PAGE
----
After the fire: What now?

What should victims do and how to help

LINCOLN CITY — Many residents near Lincoln City face the startling reality that their homes were heavily damaged or destroyed by the Echo Mountain Complex fire. 

Though a final official tally of the number residences lost due to the fire in Otis, the Panther Creek area and elsewhere is not yet unavailable, many believe those totals will be measured in the hundreds.

While Level 3 evacuation orders still remained for parts of the area near the fire complex as of the News-Times press deadline, residents not yet allowed to return home could request a property status check from the Lincoln County Sheriff’s Office by calling the county’s call center at 541-265-0621 between the hours of 8 a.m. and 8 p.m. seven days a week. Property status checks could also be requested by filling out a form here: 

So what should residents do in the event their home was damaged or destroyed by the fire?

According to the Lincoln County Emergency Management website (, the first step is contacting the homeowner’s insurance company as soon as possible and ask an agent how best to proceed. 

Those without homeowner’s or renter’s insurance may receive guidance and assistance from entities such as the American Red Cross, the Salvation Army, religious organizations, public agencies, community groups, state and local emergency services providers and nonprofit crisis counseling centers.

Those in need of insurance claim assistance can contact United Policyholders, a nonprofit organization dedicated to helping people and businesses navigate the process, at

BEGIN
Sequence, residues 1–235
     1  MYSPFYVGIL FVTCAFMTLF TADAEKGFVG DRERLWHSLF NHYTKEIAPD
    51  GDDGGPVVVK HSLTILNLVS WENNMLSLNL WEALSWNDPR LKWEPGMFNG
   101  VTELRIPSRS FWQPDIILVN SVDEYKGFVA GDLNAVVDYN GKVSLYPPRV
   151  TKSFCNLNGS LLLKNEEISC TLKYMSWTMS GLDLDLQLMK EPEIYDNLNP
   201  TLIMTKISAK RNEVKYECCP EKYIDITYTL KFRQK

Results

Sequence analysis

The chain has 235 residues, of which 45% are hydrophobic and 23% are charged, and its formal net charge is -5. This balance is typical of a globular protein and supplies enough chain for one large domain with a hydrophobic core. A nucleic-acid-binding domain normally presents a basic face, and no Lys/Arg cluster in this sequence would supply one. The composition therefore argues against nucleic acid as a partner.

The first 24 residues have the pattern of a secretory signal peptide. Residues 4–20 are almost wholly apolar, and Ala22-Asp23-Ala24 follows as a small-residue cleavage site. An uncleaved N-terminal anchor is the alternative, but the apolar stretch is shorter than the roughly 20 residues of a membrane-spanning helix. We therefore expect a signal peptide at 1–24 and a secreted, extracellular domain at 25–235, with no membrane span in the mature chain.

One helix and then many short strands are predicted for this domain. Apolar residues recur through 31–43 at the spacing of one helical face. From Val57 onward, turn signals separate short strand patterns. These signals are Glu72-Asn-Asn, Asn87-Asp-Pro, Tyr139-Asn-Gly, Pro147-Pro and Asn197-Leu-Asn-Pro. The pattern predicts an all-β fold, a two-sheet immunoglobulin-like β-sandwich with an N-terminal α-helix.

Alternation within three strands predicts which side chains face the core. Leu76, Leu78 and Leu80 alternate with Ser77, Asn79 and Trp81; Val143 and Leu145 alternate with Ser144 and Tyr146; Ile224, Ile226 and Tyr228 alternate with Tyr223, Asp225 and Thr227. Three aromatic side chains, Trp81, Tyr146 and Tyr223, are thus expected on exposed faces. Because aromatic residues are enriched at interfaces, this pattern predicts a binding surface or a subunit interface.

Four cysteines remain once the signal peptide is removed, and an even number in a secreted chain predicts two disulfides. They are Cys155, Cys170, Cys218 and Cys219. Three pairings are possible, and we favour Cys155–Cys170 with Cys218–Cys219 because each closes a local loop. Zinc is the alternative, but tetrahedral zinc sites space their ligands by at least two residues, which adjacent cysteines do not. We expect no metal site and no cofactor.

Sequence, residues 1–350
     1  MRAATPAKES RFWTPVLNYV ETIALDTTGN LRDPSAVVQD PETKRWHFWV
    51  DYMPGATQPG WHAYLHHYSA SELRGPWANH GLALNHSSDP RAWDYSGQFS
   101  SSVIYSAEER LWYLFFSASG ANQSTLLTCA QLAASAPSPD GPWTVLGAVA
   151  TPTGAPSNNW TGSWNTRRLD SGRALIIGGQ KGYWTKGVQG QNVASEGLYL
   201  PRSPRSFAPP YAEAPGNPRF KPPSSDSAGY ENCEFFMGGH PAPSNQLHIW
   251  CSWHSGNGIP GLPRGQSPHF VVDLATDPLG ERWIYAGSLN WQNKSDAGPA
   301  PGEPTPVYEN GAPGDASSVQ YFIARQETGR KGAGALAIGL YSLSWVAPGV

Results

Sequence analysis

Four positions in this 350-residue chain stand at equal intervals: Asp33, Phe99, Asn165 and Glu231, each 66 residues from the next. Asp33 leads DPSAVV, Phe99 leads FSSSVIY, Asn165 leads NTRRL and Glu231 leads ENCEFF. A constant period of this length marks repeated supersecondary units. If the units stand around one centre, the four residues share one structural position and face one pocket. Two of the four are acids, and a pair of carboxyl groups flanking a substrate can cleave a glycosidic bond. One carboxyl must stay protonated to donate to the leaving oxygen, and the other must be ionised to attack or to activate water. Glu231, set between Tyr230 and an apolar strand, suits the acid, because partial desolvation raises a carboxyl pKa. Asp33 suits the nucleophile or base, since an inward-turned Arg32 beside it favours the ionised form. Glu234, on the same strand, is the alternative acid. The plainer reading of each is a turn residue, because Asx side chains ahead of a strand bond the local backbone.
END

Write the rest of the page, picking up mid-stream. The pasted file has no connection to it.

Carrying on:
Next, Lincoln County Emergency Management recommends taking care of family members and housemates. Disaster relief services offered by organizations such as the Red Cross and Salvation Army can connect those in need with resources such as food, clothing medicine and places to stay. Emergency management recommends during stressful times during disasters that damage victims do their best to stay well rested, to reach out to others for help when necessary and do not to try and go it alone.

Only then does the county recommend assisting pets and livestock. Attempt to comfort pets and handle them more carefully than one would during non-emergency situations. Often, scared pets react by biting or clawing at caregivers.

If pets must be left to be cared for by others, try to leave them with a family member, trusted friend or veterinarian when returning to a damaged residence. For pet safety, keep them out of the damaged area until cleanup is complete. Try locating missing pets by calling the Lincoln County Animal Shelter at 541-265-6620, ext. 6.

The state of Oregon has a comprehensive wildfire resources website found at The site includes links connecting visitors to county news and alerts, current fire and weather conditions, recommendations on what to back during an evacuation, connecting to further resources and more.

On Monday, Travel Oregon updated its online list of ways to help evacuees and first responders. Find it at 

The Red Cross and KGW 8 TV are receiving donations to their Northwest Response Fund. Donate by texting the “relief” to 503-226-5088, or donate directly to the American Red Cross’ three Oregon chapters by visiting


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